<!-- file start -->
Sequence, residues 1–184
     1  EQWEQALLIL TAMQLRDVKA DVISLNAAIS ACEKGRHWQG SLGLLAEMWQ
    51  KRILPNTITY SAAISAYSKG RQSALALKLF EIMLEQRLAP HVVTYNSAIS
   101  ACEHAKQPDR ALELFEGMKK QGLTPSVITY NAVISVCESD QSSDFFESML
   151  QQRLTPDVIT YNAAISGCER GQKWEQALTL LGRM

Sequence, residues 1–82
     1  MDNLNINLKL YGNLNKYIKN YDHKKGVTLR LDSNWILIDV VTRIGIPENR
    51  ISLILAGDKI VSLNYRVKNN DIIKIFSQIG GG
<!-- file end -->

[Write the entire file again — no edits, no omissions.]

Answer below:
Sequence, residues 1–184
     1  EQWEQALLIL TAMQLRDVKA DVISLNAAIS ACEKGRHWQG SLGLLAEMWQ
    51  KRILPNTITY SAAISAYSKG RQSALALKLF EIMLEQRLAP HVVTYNSAIS
   101  ACEHAKQPDR ALELFEGMKK QGLTPSVITY NAVISVCESD QSSDFFESML
   151  QQRLTPDVIT YNAAISGCER GQKWEQALTL LGRM

Sequence, residues 1–82
     1  MDNLNINLKL YGNLNKYIKN YDHKKGVTLR LDSNWILIDV VTRIGIPENR
    51  ISLILAGDKI VSLNYRVKNN DIIKIFSQIG GG